Saturday, 21 May 2011

Brazilian Blowouts and "Keratin Friendly" Shampoos. Do You Need Them?

It struck me as a convenient swizz the first time I heard that not only do you have to pay £200 or something to have your Brazilian Blowout (which, even if it is "formaldehyde free" is actually no safer - read my earlier post to get the facts on the chemistry behind this), you then get to buy special shampoo, conditioner and whatever else they've got going at £20 a bottle or so to maintain your treatment.

What the heck is a Keratin Friendly formula?

I struggled to get hold of any ingredients lists for these products short of buying them outright, and frankly I've got better uses for my money (nice hair accessories, for one!).

However, I uncovered a *clue* while trawling the internet.

Someone mentioned somewhere that these products are important for maintaining your treatment because they don't contain sodium chloride, or salt.

In my last post I explained why salt shows up in shampoo and so many other personal care and hair care products, and its role mostly as a thickener in liquid formulations.

In one of my books that I got in my recent thrilling parcel from Amazon, the definitive Chemical and Physical Behavior of Human Hair by the undisputed expert Clarence Robbins (you think Philip Kingsley is an expert? Bah!), I uncovered the relationship between salt and quaternised cellulosic polymers (or commonly used hair conditioners).

I was innocently reading about conditioner formulas, as you do of a weekend when you're a saddo like me,  when to my total delight I found an entire section entitled "Effects of Salt."

Salt, Conditioner and Your Hair

I've already written briefly before about how conditioner works and what it really does for your hair in my free series of Healthy Hair Care articles. Do sign yourself up to get these and give it a read if you're interested.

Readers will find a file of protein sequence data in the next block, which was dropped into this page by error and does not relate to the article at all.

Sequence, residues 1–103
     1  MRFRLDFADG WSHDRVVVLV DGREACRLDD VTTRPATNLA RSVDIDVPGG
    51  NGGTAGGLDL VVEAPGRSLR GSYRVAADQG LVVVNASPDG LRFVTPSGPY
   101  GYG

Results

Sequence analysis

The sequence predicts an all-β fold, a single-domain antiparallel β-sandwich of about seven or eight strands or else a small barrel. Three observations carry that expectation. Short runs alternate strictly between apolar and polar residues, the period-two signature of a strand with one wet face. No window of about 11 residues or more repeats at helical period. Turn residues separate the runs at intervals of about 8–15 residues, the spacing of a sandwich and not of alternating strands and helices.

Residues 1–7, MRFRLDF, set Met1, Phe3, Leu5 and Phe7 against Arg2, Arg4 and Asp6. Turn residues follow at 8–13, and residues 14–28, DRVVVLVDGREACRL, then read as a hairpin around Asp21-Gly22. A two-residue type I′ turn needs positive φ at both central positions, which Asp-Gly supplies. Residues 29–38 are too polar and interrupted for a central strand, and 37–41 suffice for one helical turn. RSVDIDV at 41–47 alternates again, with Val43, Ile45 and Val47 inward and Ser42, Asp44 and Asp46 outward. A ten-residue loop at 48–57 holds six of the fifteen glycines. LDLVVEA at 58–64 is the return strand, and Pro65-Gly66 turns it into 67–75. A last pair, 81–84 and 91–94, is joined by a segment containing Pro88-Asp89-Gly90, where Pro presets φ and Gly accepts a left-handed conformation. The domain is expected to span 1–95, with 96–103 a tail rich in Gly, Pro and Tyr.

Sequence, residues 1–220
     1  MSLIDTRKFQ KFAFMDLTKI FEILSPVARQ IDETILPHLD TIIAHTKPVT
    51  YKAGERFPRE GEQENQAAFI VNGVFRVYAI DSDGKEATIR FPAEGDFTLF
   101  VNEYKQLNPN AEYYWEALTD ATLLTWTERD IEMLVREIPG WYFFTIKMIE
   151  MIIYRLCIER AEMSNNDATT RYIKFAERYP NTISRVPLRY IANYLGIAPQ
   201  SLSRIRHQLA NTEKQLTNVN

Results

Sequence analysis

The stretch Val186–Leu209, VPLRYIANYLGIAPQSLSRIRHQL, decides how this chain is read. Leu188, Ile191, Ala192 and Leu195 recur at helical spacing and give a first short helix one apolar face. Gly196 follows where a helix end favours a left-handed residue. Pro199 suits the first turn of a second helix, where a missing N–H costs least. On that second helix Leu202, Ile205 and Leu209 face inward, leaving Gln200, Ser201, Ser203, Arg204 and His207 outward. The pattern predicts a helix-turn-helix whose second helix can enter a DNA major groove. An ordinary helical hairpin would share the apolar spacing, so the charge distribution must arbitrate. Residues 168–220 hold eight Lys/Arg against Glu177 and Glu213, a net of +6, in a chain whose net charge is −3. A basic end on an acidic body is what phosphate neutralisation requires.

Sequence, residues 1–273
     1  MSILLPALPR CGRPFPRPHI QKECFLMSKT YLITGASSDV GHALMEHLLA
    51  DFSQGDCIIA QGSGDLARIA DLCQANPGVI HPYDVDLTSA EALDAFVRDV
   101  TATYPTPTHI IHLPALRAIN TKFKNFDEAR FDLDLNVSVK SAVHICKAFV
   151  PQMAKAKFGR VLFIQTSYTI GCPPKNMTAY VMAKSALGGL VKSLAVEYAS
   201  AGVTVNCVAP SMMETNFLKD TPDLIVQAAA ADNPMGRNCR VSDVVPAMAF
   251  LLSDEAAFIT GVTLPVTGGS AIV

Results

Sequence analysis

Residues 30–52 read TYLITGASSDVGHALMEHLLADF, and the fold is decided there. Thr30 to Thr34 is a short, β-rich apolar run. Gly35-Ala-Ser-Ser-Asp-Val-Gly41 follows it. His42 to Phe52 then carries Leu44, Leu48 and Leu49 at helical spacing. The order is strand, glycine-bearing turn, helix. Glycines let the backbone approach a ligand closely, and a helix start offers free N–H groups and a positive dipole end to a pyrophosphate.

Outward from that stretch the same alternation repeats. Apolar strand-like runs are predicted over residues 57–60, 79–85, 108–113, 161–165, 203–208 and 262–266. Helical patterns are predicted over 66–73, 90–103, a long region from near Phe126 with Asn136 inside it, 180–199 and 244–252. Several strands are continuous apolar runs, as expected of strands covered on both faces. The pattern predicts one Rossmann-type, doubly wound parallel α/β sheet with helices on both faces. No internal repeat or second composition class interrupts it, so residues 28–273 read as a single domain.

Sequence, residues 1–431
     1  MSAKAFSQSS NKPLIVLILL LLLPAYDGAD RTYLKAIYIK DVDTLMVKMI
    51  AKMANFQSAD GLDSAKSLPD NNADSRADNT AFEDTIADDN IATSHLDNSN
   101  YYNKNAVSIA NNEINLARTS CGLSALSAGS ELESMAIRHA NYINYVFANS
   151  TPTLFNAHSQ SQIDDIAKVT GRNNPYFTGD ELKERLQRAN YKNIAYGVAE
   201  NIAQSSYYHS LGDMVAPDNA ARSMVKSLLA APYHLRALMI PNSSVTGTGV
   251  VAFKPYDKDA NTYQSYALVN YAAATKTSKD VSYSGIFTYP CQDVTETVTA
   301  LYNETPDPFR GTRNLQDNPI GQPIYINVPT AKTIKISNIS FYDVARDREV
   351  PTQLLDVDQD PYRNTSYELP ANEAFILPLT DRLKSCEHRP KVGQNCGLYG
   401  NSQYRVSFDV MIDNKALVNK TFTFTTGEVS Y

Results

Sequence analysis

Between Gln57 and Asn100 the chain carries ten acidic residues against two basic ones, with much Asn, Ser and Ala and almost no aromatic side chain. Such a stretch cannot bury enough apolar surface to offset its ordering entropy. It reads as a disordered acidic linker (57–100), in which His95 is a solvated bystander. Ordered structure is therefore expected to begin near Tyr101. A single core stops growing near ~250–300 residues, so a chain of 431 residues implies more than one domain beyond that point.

The presence of salt has a large effect on the ability of the frequently used conditioner polyquaternium-10 to basically stick to the surface of your hair.

If you've just used a bog standard main brand shampoo in your hair and not thoroughly rinsed your hair afterwards, it is wholly possible that some salt has remained behind, clinging to your hair.

If you then try to condition your hair, as little a presence of 0.1% salt solution (whether sodium chloride, lanthanum or calcium, to name just three) reduces "pickup" of the conditioner by at least two-thirds. That's a massive reduction.

Given that the Brazilian Blow Out has (can I be totally straight with you here?) literally cooked your hair, the only way you can "maintain" your keratin shield purchased at great expense is to cover it as completely as possible with water-resistant conditioners.

If that conditioner can't stick to your hair, your keratin coating will break down quickly and you'll probably storm to the salon and demand your money back because your hair's gone all frizzy.

Keep Your Money. Don't Get A Brazilian Blow Out

The bare fact is that the Brazilian Blow Out blatantly produces an unregulated amount of poisonous gas (whether it uses formaldehyde or any other aldehyde) so it seems a kinda not good thing to subject yourself, or your poor stylist, to it.

Second, you have to buy styling products that cost 4 to 10 times that of a perfectly good main brand option in order to get your money's worth out of the original treatment.

I could practically retire already if I got a pound for every irate email and comment telling me how "good" the Blow Out has been for their hair and made it "so much healthier," but could I just explain why they've started having a breakage problem. Could it be their shampoo?

Um, not likely.

Personally, the whole shebang is a swizz.

Just as I thought.


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